The consensus calculation is a very important component of gap4. It is used to produce an "on-the-fly" consensus, responding to every individual change in the Contig Editor (see section Editing in gap4) and is used to produce the final sequence for submission to the sequence libraries. Some years ago Bonfield, J.K. and Staden, R. The application of numerical estimates of base calling accuracy to DNA sequencing projects. Nucleic Acids Res. 23, 1406-1410 (1995) we put forward the idea of using base call accuracy estimates in sequencing projects, and this has been partially realised with the values from the Phred program (Ewing, B. and Green, P. Base-Calling of Automated Sequencer Traces Using Phred. II. Error Probabilities. Genome Research. Vol 8 no 3. 186-194 (1998)). These values are widely used and have defined a decibel type scale for base call confidence values and gap4 is currently set to use confidence values defined on this scale. An overview of our use of confidence values is contained in the introductory sections of the manual (see section The use of numerical estimates of base calling accuracy).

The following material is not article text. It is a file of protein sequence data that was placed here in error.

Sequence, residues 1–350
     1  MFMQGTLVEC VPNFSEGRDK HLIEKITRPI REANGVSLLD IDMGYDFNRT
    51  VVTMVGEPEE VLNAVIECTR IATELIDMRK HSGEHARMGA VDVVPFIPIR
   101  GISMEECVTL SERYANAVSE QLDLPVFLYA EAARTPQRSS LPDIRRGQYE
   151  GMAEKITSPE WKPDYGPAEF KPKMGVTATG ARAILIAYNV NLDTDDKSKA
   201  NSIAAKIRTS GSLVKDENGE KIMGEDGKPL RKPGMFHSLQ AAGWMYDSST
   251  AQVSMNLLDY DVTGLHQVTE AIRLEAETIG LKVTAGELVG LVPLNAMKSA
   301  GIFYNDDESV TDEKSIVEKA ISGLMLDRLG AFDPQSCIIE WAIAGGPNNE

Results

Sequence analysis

As is described elsewhere (see section List Consensus Confidence) being able to calculate the confidence for each base in the consensus sequence makes it possible to estimate the number of errors it contains, and hence the number of errors that will be removed if particular bases are checked and, if necessary, edited.
Gap4 caters for base calls with and without confidence values and hence provides a choice of algorithms. There are currently three consensus algorithms that may be used. The choice of the best algorithm will depend on the data that you have available and the purpose for which you are using gap4.
The currently active consensus algorithm is selected from the "Consensus algorithm" dialogue in the main gap4 Options menu (see section Consensus Algorithm).